Joe Gerstandt, HRExaminer Editorial Advisory Board Contributor.

“I find it very hard to take the “war for talent” seriously when I see so much talent that is already on the payroll being wasted.” – Joe Gerstandt, HRExaminer Editorial Advisory Board Contributor.

Your workforce is likely your biggest investment. One of the most valuable aspects of your workforce is the unique combination of knowledge, experience, ideas, information and perspective that each employee carries around in their head. Much of it is wasted.

I am painting with a broad brush here, maybe your organization is one of the exceptions, but the waste I see is massive. I find it very hard to take the “war for talent” seriously when I see so much talent that is already on the payroll being wasted.

Groupthink. Conformity. Organizational politics. Fear of failure. Lack of trust. Avoidance of conflict.

There are a lot of different dynamics involved, but the end result is waste. It takes the form of no candid conversations, employees keeping ideas and questions to themselves, employees that cannot, or do not know how to, disagree with each other, employees not taking initiative and ownership. I certainly bump into some managers and business leaders who know that this happens, but they always seem to assume the cause is some deficiency on the part of the employees.

I believe it is most often a consequence of the environment– organizational cultures where it is not entirely safe to be authentic.

Authenticity has certainly taken on buzzword status and it is thrown around today very casually as if it were a simple, safe and common thing. It is not. Authenticity is simply being true to who you are. And I would say that it is especially rare in the workplace. It is hard work and it always involves a certain amount of risk.

Each of us is unique. There has never been another being exactly like you and there never will be. Regardless of who you are, if you are being true to who you are at work, there are going to be times when you are in the minority, when you are the voice of dissent, when you are the oddball or the weirdo. It is simply a natural byproduct of human beings being authentic and honest with each other. Unfortunately, this is simply too risky in most organizations, so we have a lot of employees playing small, rounding off the corners and sharp edges, and meeting somewhere in the mediocre middle. We have employees far more invested in being appropriate than in being honest.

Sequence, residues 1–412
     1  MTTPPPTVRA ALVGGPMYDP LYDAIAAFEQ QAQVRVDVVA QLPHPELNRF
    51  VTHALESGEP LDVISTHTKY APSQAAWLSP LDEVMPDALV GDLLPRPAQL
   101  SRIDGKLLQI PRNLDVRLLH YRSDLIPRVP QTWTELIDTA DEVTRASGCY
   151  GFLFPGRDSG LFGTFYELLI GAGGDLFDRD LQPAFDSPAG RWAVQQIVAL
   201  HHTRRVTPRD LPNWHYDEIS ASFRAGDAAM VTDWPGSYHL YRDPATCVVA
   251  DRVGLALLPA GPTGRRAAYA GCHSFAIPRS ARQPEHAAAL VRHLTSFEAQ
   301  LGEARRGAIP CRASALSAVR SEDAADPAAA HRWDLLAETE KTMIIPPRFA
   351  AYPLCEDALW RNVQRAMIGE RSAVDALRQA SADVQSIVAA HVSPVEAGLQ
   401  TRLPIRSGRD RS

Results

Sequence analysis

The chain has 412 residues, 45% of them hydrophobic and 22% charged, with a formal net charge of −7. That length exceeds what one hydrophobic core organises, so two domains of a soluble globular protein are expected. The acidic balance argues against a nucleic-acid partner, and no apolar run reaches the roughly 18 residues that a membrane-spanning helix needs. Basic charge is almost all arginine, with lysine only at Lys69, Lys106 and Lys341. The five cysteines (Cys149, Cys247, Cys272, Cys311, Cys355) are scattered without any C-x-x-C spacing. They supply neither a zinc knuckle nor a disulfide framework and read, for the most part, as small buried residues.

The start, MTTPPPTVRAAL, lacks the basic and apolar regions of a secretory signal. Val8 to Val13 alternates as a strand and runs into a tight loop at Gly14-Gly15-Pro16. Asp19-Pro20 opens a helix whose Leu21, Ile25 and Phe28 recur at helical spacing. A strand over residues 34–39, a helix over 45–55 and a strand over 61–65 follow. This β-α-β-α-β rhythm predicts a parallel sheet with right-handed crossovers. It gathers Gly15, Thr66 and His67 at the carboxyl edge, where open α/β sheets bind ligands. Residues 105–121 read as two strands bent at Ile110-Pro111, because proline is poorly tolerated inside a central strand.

I have seen no shortage of organizations that claim to want greater initiative, creativity and innovation, but snuff it out as soon as it shows up. I have seen no shortage of organizations that talk a great game about inclusion but relentlessly reward conformity. I have seen no shortage of organizations that are basically operating with the emergency brake on, unable to let loose the full power of their workforce.

Again, your organization may be the exception, but here are a few questions to reflect on.

Is it safe to be unpopular in your organization?

And if you answer yes, how do you know?

Have you been unpopular?

If you have not been unpopular at one time or another, how do you know it is safe?

If you have not ever been unpopular in your organization, are you playing small?

Are initiative, risk-taking, failure and learning rewarded in your organization? How so?

Is it safe to fail in your organization?

Is it safe to disagree in your organization? Are people rewarded for respectful, constructive disagreement? Can employees disagree with their supervisor? How about their supervisors’ supervisor?

In my experience it is often more dangerous to be unpopular than it is to be a poor performer. Whether this is intentional or not, this is the kind of thing that seeps into your culture and has very real, and long lasting consequences.

I do not believe that you can have a healthy organizational culture or be committed to strong leadership, inclusion, innovation or employee engagement without some commitment to individual authenticity. It all starts there. Healthy and whole organizations are built with healthy and whole individuals, not sock puppets.

How real are you at work? How real is your organization? Is there real commitment to open, candid conversation, or are there a lot of “undiscussables?”